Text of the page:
Referendum apps may be sharing data illegally

Net Results: Firms must not break law on app permissions and data they gather

There are claims two apps developed for the referendum No campaign may share details about Irish app users with a range of right-wing international groups. Photograph: Adam Peck/PA

There are claims two apps developed for the referendum No campaign may share details about Irish app users with a range of right-wing international groups. Photograph: Adam Peck/PA

 

Some detective work by Buzzfeed writer Laura Silver this week revealed that two of the apps developed for the referendum No campaign may share details about Irish app users to a range of right-wing international groups.

Those groups potentially include US gun lobby group the National Rifle Association (NRA), which has insisted the answer to gun deaths in the US is . . . arming more people with guns.

“Save the 8th’s My8 app and the LoveBoth app were developed by the same Washington, DC–based company, Political Social Media LLC, which specialises in building digital campaigning tools for conservative, religious and anti-abortion groups,” Silver wrote.

Though No campaigners have insisted there’s no connection between the two groups, the apps are hosted by separate companies, both registered to Political Social Science. And the two apps are built on a “near-identical template” and “share near-identical terms of service for users”.

Along with consenting to share data with conservative groups of their personal choice if they wish, users must agree to terms that allow Political Social Media – which was involved in both the Trump and Brexit campaigns – to give their data to groups Political Social Media “believe have similar viewpoints, principles or objectives as us”.

Silver writes: “This means data can be shared not just between the two ostensibly separate Irish anti-abortion groups, but also with previous clients such as the NRA, the Trump presidential campaign, the Republican National Committee, and the Susan B Anthony List, a major US anti-abortion group. In the UK, the network includes the Conservative Party and main pro-Brexit campaign, Vote Leave.”

Neither of the No campaign groups responded to her repeated requests that they clarify if they had shared user data with such groups.

Although anti-abortion campaigners in the US are often aligned with the pro-gun lobby on the broader conservative agenda (I know, logic fails), it probably will discomfit many app users here to find their data may well be distributed to the NRA or Brexit groups.

Yet discomfiture is less of an issue here than illegality under European law.

According to data privacy expert Daragh O Brien, managing director of Dublin information management company Castlebridge Associates, sharing data in this way, especially to entities in the US, is “illegal full stop, partly given the nature of the data and because of the category of the data”. Personal information and data about religious and political beliefs are given particularly strong EU protections.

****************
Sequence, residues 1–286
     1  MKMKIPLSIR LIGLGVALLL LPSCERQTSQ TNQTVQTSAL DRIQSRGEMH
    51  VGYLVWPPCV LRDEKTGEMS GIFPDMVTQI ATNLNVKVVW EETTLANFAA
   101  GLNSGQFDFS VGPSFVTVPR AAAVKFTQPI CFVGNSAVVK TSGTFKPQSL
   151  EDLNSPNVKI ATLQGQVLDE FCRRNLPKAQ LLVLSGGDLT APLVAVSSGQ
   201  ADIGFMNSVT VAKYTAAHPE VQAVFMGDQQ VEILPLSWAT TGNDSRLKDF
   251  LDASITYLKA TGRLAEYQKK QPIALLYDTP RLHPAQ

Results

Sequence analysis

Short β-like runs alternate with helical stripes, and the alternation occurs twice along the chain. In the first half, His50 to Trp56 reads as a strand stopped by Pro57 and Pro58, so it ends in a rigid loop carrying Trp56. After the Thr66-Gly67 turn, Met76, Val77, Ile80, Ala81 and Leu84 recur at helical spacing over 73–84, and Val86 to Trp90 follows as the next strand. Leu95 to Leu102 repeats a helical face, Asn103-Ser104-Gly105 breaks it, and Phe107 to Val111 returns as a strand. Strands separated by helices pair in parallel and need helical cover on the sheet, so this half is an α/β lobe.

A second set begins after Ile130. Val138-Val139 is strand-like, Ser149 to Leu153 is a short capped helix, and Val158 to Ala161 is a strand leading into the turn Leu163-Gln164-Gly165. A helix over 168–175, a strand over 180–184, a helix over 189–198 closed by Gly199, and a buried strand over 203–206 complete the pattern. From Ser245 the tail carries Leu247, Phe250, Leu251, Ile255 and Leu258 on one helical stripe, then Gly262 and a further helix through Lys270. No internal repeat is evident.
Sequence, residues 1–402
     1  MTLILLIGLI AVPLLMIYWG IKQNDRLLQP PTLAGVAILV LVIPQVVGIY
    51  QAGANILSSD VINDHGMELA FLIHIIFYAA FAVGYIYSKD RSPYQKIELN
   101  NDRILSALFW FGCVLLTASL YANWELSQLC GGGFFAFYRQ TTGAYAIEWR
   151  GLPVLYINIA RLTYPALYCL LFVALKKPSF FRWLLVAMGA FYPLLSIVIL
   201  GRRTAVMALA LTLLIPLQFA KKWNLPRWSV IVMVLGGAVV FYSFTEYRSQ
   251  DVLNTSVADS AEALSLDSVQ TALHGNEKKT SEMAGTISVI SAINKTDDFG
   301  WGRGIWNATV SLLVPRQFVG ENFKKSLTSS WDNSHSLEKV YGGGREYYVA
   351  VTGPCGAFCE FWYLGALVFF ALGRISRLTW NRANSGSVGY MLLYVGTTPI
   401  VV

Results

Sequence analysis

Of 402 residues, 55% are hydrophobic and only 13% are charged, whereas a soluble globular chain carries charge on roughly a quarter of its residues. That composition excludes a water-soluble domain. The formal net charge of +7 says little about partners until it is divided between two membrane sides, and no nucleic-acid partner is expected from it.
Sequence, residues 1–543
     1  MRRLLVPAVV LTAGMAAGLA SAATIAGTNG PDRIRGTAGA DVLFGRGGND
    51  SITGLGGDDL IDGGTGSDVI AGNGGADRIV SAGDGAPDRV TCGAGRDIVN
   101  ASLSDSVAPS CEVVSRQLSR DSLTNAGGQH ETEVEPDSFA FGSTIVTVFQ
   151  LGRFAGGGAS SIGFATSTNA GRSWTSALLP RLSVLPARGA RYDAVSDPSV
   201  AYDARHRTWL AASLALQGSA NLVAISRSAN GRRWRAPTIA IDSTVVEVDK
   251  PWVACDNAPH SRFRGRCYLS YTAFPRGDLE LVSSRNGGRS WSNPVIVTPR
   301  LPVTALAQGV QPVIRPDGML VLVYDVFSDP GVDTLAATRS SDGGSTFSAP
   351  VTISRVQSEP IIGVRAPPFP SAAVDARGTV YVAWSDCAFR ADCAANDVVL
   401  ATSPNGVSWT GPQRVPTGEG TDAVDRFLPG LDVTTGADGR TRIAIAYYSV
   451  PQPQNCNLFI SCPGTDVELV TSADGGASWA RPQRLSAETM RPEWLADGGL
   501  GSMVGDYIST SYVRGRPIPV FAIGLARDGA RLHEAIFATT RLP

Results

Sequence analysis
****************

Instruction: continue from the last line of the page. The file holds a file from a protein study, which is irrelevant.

Lack of transparency

“There’s also a lack of transparency as to who the data controller and data processor is. This is insufficient transparency under existing data protection legislation, and particularly under GDPR [the EU’s stringent General Data Protection Regulation, which comes into effect on Friday],” he says.

The GDPR places strict management obligations on any company, anywhere in the world, handling the data of anyone located in the EU, and allows significant fines to be imposed on organisations that mishandle data.

O Brien says, “The way this data is being handled is already prohibited. But another question is, what happens to that data at midnight on Friday?”

In addition, in order to transfer data from EU-based individuals into the US, an organisation right now must either be registered as compliant with the US/EU data transfer agreement Privacy Shield, or be using precisely worded, compliant “model contracts”.

A search of the Privacy Shield website’s list of companies using the agreement does not include Political Social Media LLC. O Brien said perhaps the company has opted for model contracts, but noted that in his experience of working with not-for-profits, this is rarely understood as a requirement.

“It is so far down the list of priorities of those in the not-for-profit sector, particularly those who promote an ideology and are rushing to get a campaign up and running on limited resources,” he says.

Data protection law

But this isn’t just a matter affecting small groups. Fine Gael learned all of this in 2011 when it decided to host its party website in the US, then found this breached EU data protection law because of similarly sensitive types of data being gathered and held abroad.

As for Political Social Media LLC, even if this organisation uses model contracts, its demand that EU-based app users give it blanket permission to pass along their personal data to unspecified groups, especially political or religious groups in the US, is illegal.

O Brien cautions that, in general, Irish groups cannot take an off-the-shelf US campaign approach and apply it here, because of greater data and privacy protections in the EU.

These basic points are relevant to all groups, individuals and organisations of any political, religious, social, corporate, government or other persuasion.

Just because you can build an app or website that can gather data, doesn’t mean you can do whatever you want with app permissions or the data gathered. It doesn’t matter that you created some type of consent agreement. The agreement must be compliant with EU law.

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